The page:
It was one aspect of the film that I struggled with, the constant focus of the camera on the subject and the green screen. At no point was there even the slightest desire to turn the camera on the events that seemed to be happening nearby, instead it remained steadfastly fixed on the subject. Now I could understand that if it were meant to be a locked off camera, one sitting on a tripod, but the ongoing style leads us to believe that the student is using a mobile and never once flinches or turns to the action, even when the action is hugely attention grabbing.

It’s not just the fact that the young guy behind the camera never flinches, but those in front of the camera don’t seem that concentrated on heading to the action to either satisfy their curiosity or to try and help, at some points it seems cold, callous and extremely disconnected.

I did struggle with all of that, but the characters and the performances keep you engaged to the screen for the most part, and someone else that does that well is Judi Dench.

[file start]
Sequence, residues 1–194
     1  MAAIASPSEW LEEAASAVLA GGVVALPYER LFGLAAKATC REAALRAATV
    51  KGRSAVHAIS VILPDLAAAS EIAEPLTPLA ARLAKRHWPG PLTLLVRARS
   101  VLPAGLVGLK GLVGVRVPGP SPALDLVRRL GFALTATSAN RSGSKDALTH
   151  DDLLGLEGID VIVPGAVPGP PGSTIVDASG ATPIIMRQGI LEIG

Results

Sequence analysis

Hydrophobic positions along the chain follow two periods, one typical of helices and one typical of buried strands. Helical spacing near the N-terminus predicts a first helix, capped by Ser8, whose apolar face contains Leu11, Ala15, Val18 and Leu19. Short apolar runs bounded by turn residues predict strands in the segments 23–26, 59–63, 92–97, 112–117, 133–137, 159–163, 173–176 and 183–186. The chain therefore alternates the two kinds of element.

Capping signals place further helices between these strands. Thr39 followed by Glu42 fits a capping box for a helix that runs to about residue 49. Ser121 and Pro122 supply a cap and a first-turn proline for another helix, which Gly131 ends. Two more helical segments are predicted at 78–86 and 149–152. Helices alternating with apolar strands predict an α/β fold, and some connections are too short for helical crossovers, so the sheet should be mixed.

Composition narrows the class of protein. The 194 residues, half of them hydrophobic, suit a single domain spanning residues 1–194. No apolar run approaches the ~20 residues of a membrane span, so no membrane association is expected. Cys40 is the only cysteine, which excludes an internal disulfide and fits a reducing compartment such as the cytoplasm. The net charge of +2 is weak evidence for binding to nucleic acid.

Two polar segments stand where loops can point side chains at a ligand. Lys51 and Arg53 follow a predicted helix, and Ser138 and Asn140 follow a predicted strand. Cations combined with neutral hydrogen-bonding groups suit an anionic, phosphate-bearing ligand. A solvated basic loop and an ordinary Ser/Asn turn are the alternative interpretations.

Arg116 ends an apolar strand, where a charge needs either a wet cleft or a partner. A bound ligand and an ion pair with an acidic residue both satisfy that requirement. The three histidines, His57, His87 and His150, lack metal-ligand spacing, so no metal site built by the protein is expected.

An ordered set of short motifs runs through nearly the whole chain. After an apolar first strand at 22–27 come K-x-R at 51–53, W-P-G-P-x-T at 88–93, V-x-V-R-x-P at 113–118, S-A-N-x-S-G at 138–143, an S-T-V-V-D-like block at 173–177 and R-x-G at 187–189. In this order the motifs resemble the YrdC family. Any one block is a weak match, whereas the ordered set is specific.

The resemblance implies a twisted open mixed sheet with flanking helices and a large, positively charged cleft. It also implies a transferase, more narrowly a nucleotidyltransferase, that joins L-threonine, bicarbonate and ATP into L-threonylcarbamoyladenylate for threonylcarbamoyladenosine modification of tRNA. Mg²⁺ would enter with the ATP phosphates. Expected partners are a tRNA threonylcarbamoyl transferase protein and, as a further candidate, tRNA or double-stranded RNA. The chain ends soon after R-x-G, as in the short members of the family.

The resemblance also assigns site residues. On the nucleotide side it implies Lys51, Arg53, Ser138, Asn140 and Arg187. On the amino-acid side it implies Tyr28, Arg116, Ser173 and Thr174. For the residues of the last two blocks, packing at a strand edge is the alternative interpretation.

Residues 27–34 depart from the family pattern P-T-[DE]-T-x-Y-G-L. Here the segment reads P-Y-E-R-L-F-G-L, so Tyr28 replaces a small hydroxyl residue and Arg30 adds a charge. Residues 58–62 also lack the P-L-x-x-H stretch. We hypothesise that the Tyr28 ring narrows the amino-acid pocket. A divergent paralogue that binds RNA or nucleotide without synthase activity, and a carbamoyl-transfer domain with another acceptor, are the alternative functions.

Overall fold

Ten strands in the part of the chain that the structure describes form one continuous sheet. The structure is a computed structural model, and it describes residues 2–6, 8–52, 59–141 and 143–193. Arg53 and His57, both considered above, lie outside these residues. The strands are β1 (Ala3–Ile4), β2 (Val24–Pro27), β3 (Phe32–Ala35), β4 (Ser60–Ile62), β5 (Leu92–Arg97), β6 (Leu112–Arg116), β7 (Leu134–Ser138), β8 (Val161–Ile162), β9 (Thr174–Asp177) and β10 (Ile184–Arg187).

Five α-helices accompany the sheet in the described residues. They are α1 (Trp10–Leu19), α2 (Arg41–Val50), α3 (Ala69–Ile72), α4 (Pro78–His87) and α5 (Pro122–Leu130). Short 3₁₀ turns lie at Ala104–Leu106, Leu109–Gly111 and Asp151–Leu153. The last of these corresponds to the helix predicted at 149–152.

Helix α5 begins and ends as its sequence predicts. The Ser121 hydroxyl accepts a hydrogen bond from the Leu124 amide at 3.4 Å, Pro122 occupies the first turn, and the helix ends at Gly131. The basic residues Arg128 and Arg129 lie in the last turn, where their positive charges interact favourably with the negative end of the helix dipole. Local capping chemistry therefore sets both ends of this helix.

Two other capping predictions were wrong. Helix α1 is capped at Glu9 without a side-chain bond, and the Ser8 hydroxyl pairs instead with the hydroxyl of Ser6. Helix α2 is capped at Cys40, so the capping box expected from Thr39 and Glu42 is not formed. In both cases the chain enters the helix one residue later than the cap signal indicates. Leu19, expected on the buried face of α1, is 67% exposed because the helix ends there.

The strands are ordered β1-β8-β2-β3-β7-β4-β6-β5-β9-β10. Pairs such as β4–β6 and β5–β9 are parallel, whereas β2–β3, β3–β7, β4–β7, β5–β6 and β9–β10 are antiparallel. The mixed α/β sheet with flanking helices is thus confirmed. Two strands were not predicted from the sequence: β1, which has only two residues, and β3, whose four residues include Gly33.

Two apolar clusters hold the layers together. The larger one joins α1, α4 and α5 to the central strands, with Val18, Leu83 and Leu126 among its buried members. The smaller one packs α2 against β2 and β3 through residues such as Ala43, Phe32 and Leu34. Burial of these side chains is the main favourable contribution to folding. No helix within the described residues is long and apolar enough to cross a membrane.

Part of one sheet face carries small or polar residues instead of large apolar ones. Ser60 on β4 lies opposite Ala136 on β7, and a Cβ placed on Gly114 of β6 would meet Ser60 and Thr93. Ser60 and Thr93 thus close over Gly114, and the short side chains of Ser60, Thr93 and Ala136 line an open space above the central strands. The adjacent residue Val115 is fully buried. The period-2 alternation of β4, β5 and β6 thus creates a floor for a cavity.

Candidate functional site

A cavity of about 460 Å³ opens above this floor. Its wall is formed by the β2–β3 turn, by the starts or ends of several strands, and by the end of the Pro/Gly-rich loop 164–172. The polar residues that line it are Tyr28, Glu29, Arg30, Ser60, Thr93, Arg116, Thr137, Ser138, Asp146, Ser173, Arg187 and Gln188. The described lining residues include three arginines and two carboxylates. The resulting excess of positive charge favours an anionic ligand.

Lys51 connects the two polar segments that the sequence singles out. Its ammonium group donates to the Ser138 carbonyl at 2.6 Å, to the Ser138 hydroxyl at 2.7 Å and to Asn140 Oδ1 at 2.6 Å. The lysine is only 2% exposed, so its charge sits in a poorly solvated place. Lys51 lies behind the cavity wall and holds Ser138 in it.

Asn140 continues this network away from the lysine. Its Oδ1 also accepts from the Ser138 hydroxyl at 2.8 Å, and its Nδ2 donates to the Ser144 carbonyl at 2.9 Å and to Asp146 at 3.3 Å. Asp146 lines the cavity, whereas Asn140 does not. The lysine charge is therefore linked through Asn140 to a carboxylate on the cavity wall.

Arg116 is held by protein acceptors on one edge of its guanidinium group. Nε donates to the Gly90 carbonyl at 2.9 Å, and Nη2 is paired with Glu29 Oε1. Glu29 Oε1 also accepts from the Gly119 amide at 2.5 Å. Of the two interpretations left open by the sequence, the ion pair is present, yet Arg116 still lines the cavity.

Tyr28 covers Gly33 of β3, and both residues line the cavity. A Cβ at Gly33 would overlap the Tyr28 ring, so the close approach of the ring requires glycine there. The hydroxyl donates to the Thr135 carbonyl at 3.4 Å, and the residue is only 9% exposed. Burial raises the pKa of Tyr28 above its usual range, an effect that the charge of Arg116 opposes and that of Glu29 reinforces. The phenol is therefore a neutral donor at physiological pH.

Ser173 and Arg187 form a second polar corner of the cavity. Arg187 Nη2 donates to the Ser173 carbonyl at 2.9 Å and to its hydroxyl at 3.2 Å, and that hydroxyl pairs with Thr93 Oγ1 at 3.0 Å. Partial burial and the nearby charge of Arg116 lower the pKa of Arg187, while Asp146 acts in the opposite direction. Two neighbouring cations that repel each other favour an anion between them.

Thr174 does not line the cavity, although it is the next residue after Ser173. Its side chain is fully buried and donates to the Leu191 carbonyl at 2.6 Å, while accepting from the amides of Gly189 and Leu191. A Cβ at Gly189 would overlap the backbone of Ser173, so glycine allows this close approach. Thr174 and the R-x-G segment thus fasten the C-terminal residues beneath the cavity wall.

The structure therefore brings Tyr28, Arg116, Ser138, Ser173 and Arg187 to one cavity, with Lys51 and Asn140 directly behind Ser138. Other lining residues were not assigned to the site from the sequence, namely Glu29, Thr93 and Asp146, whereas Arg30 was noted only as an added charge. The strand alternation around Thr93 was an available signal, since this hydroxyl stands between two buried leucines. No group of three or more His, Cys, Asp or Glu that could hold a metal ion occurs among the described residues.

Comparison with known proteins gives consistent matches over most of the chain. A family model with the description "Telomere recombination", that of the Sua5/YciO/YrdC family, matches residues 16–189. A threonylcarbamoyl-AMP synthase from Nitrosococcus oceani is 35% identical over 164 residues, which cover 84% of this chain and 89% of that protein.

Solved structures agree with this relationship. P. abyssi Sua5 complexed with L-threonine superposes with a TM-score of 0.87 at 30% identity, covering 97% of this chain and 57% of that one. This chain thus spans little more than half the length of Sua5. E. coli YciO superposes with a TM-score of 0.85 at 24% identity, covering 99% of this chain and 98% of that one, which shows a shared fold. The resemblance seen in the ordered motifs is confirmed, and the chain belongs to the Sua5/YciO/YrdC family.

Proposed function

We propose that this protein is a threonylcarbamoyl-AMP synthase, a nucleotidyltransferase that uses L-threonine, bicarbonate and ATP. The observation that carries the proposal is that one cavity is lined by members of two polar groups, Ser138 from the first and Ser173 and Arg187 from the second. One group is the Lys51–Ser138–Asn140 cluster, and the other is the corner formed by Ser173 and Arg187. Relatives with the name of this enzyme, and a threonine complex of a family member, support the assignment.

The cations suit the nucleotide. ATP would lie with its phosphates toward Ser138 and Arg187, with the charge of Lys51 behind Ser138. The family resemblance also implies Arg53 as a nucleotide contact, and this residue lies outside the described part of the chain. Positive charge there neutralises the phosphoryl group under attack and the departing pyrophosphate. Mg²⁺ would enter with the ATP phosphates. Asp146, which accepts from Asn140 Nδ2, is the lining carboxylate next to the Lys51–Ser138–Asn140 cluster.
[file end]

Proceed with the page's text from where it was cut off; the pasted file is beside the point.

Her performance drew my eye constantly, her dry, sharp, sarcasm and wit forced me towards the character and it seemed even the smallest of mannerisms were used in her performance. That's something that is true for Law's performance too.

Mention should also be made of John Leguizamo and Eddie Izzard who are also rather interesting to watch.

While the performances are strong and you are engaged watching the actors develop their characters through straight performance, I found that the story lacked enough to keep me beyond a few actors, and during weaker moments I struggled to stay focused on the film.

I do think that it could have benefited from a stronger look to the story itself, something to show that there was a progression on the investigation and perhaps the drawing towards some conclusion. However none of that comes, and I did find myself getting bored watching a character talking about these events that I was clearly never going to see or even understand.

So I ended up with a film that raised a lot of questions and never answered or addressed any of them.


Audio.pngDolby Digital 5.1